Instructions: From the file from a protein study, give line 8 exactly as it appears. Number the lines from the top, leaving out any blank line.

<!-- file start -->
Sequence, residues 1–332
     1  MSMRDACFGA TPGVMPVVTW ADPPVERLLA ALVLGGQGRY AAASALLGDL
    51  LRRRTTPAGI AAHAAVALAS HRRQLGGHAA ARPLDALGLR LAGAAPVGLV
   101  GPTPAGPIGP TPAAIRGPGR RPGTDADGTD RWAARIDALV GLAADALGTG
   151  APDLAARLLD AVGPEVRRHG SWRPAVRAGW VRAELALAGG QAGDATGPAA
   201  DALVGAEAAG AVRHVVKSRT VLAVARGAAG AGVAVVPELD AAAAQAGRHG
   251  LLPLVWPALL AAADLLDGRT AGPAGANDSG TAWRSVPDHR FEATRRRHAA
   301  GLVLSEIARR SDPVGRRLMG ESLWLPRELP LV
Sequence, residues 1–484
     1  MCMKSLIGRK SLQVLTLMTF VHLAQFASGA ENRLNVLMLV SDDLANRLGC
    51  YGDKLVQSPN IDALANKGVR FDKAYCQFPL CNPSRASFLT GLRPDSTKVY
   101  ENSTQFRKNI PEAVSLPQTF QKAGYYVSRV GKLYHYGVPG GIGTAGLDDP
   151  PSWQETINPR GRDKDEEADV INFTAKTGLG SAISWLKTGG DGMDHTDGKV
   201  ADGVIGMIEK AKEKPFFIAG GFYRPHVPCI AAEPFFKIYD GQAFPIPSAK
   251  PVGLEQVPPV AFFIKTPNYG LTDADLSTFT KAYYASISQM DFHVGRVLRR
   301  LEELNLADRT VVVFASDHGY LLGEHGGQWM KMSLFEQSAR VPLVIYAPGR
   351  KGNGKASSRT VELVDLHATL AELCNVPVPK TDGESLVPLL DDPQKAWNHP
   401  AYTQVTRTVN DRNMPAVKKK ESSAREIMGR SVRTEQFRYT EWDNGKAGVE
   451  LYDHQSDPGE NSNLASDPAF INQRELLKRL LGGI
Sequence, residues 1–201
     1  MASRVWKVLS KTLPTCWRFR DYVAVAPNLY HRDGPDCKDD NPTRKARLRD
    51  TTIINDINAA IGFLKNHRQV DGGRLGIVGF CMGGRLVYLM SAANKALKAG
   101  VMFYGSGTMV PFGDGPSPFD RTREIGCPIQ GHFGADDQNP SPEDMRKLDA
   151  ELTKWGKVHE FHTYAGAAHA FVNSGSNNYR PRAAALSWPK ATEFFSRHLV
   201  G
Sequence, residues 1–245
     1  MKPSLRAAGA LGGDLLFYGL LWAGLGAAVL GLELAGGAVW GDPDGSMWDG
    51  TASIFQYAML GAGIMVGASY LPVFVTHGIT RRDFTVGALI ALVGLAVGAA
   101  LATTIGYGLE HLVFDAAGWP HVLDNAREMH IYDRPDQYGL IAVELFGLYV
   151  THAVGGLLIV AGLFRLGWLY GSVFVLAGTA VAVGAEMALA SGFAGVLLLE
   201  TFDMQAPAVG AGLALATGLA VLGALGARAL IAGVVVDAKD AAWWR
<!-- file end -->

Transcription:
   301  GLVLSEIARR SDPVGRRLMG ESLWLPRELP LV